Nice Work if You Can Afford It

August 18, 2021

The time for change is now. We can (and must) do it.

Being a teacher, a woman, and an early childhood educator is financially hazardous (13), according to CASJE’s recent report, Compensation: The Salaries and Benefits of Jewish Educators.

This information is not new, and it is not unique to early childhood Jewish education.

What seems noteworthy is the level of dissatisfaction with compensation that teachers in these environments expressed (12). The low level of compensation is “hurt[ing]” educators, raising a concern for the educators that they will not be able to eke out a living (19). Indeed, half of America's early childhood educators live in households in which at least one person receives public assistance.[1The report suggests that wages are really only a problem for educators who have left the field (1); given that 80% of early childhood centers across the country are reporting a teacher shortage,[2however, I believe we can make the correlation between compensation and career commitment.

These findings belie the report’s multiple citations suggesting that a “sense of mission or favorable workplace environment” (16) can make up for low wages.

For me, this report signals the death knell of the myth of the early childhood educator who works a few hours a week to make pocket money. [God help the next person who rebukes a dissatisfied educator by reminding them that they didn’t go into this for the money! Did they go into it for the food stamps?!] In its place, an alarming portrait emerges: The caretakers and growers of our children and our Jewish future are being hurt in our employ. And in the words of Twisted Sister, they’re not gonna’ take it.

From a values perspective, the Jewish community can and should intervene, which will allow us to live our values and invest in our children. From a more mundane perspective, we have to intervene immediately in order for America’s parents to get back to work and restore their mental health. That is, after a 40% drop in enrollment during the first year of the pandemic, America’s childcare centers are struggling to rebuild their staff as children return. In a July study of American early childhood centers,[378% reported low wages as the main obstacle to recruitment of educators, and 81% percent said it's the reason teachers leave.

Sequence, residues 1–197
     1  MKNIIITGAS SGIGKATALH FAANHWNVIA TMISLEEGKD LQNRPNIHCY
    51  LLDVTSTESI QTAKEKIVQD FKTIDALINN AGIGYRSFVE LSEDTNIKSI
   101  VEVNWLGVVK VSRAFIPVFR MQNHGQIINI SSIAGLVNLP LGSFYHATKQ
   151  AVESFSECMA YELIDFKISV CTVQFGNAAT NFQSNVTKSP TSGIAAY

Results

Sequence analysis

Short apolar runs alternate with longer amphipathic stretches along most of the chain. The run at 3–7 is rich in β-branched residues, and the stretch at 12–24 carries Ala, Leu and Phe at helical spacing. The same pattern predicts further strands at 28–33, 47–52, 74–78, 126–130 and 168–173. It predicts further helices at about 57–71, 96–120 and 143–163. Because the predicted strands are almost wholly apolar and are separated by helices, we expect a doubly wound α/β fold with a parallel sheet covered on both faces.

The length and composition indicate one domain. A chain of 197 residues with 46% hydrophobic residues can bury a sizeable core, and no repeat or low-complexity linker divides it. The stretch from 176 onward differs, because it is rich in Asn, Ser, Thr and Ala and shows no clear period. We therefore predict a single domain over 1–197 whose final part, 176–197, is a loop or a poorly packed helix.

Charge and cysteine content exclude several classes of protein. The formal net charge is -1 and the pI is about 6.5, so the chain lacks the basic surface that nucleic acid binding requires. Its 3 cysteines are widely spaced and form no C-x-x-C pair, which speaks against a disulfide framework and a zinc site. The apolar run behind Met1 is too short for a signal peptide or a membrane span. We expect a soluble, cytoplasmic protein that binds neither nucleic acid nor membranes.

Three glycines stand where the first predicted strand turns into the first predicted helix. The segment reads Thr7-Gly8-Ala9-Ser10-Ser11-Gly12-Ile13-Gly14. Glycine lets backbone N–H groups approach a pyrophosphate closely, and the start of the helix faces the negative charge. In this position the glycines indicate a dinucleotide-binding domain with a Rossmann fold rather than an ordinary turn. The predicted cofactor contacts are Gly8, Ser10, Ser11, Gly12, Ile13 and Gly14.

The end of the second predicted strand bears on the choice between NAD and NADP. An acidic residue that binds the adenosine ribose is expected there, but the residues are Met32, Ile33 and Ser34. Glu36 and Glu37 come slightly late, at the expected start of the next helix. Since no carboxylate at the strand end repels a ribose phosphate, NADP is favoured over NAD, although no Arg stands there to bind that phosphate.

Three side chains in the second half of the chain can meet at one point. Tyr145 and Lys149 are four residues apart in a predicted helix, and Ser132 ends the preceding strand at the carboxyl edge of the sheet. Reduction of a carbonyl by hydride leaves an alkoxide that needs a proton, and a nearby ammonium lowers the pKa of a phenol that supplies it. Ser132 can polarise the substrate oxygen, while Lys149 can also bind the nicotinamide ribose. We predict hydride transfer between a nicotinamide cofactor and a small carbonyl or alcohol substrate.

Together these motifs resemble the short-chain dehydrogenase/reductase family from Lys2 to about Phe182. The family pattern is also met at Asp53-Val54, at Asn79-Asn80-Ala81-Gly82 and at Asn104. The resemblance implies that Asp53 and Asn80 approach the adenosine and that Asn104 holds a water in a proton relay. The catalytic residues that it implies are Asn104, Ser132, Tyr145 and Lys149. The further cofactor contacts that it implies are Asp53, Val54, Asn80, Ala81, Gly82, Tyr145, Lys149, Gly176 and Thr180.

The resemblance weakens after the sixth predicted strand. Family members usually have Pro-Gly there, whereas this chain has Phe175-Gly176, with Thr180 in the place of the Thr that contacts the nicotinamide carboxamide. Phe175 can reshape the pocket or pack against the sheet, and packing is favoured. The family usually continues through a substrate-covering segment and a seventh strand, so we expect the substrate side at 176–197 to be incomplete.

Now is the time for the Jewish community to take up this challenge. As with any complex challenge, we need a vision for success, long-term commitment, and a multifaceted approach. Here are a few ways we can advance compensation:

Let’s begin by raising our expectations to pay parity and set our sights on offering salaries that are slightly above the average starting salary for college graduates. Pay parity means that in day schools, early childhood educators should be paid on the same scale as all of the other teachers. (If the credentials among the early childhood educators are not comparable, then the school should support teachers along the path toward increasing their credentials.) In all schools, pay parity can mean aiming for salaries and benefits comparable with the local public K-12 system. (Since public school teachers do not teach during the summer and during winter and spring breaks, the comparison should be by the hourly rate rather than the annual salary.) A cross-national look at teacher recruitment suggests a few relevant points: that competitive starting salaries are key to drawing in teachers, with significant wage increases shown to be relatively unimportant;[4] that the first five years can be focused on cementing a teacher’s love for their work and paying for their credentialing; and that compensation bonuses at critical career junctures can be valuable to teachers.[5]